November 30

Is addiction a disease or not?

Is addiction a disease or not?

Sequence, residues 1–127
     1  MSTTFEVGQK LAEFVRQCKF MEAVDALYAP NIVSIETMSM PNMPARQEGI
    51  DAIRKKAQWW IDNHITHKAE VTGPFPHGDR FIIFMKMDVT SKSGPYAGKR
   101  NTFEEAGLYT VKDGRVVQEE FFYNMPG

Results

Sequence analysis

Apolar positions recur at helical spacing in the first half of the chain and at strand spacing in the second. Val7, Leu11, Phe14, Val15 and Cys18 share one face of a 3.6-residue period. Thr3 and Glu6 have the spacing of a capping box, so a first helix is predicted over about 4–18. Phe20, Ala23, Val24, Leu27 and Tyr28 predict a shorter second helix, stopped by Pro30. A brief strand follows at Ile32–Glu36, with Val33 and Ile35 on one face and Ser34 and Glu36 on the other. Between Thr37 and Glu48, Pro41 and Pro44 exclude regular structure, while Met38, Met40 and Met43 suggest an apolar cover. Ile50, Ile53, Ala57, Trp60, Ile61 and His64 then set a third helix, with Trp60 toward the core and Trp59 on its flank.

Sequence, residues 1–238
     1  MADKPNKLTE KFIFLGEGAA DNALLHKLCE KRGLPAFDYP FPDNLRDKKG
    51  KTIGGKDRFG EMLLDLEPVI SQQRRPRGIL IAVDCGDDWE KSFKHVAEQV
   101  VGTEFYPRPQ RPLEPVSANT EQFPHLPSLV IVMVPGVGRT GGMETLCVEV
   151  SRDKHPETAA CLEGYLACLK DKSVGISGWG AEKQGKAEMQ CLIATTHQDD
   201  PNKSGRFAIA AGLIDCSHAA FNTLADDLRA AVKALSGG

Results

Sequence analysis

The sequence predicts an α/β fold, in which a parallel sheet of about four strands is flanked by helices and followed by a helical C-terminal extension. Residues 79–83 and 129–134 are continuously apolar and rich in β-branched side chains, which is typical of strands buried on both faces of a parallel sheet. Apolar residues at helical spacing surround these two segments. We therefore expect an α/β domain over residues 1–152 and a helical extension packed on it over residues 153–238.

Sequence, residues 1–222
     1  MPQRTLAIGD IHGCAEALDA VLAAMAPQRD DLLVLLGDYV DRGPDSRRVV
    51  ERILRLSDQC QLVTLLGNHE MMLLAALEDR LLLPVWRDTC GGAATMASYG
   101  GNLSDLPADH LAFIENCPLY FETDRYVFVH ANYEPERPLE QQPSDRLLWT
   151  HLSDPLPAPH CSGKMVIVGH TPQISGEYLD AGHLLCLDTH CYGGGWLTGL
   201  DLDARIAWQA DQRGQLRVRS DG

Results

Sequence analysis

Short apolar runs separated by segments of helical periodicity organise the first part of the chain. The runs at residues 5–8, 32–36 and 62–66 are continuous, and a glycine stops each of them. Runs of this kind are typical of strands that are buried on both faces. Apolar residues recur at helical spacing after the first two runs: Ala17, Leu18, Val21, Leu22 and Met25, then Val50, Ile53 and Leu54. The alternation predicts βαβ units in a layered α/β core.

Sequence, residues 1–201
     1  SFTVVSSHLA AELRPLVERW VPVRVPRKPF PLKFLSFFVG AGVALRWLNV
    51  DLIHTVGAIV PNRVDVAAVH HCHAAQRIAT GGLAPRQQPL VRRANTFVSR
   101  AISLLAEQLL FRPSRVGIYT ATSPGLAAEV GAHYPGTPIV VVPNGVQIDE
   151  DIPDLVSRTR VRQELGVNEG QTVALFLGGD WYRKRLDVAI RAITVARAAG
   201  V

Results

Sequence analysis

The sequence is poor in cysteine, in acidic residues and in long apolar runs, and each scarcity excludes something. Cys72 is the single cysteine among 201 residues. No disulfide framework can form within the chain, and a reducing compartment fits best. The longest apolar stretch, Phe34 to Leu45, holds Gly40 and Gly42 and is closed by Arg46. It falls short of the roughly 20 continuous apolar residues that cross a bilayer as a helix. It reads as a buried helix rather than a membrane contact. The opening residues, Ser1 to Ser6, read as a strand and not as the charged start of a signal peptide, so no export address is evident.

According to literature, in today’s world, one of the most common diseases is addiction, but is it really? How psychologists and psychiatrists so certain that addiction is a disease? From past to present, there are many psychiatrist and psychologists claim that addiction should be classified as a disease. American Psychiatric Association (APA) (2017), clarifies that addiction is a complex condition, and it is a brain disease that is clearly shown by repeatedly substance use despite of its harmful consequences. One of the approaches that defines addiction as an illness is the Disease Model. According to disease model, addiction should be a disease because there are dysfunctional changes in brain that leads to addictive behaviors, and it claims that addiction is a genetic, biological and neurological disease (McLellan et al., 2000). Moreover, there are also many scientists that claim addiction is not a disease. For example, according to Cognitive theory addiction is caused by cognitive distortions and the way people interpret the social environment (McCusker,2001) or Classical Conditioning Theory supports that addiction is a behavior that is learned through the environmental stimuli and cues (Estes, 1950). It can be clearly seen that the definition of addiction is still not certain because of different point of views, opinions and approaches. In this paper, whether addiction is a disease or not is going to be evaluated and discussed, and explained clearly why addiction should be classified as a learned behavior rather than a sickness through environmental and psychological factors. First of all, according to disease model, addiction is a sickness caused by dysfunctional changes in brain, and American Medical Association classified addiction as a “treatable disease” in 1956 However, addiction should be more than just dysfunctional changes that prevent brain to function properly. That is, if addiction is a treatable disease why there is not any drug or surgery for preventing addiction completely, and make addicts stop showing addictive behaviors for sure exist. Even with drugs, addiction cannot be prevented exactly. Addicts don’t stop using drugs or smoking just because they take a pill. They may be helpful for reducing physical symptoms of withdrawal, but what about cognitive symptoms like depression, anxiety or social isolation? In addition, since the disease model defines addiction as a genetic disease, it argues that if a person is once an addict, s/he will always be an addict (Miller, 1993). However, this approach unfortunately, reduces addicts’ motivation for quitting addictive behaviors. That is, when people is stigmatized as “addicted” by doctors and their social environment, they might think that they have an untreatable disease, but humans are active creators. In these conditions, why would they try to take a responsibility for their choices, in these case addictive behaviors, and attempt to quit these behaviors at all? (Schaler, 2002). Therefore, if they accept these addictive behaviors, take the responsibility of these behaviors, and not consider themselves as sick, they can reduce the unwanted behavior much more easily. Also, less self-regulation might occur because of being less motivated for reducing unwanted behavior, and so self-regulation concept fails.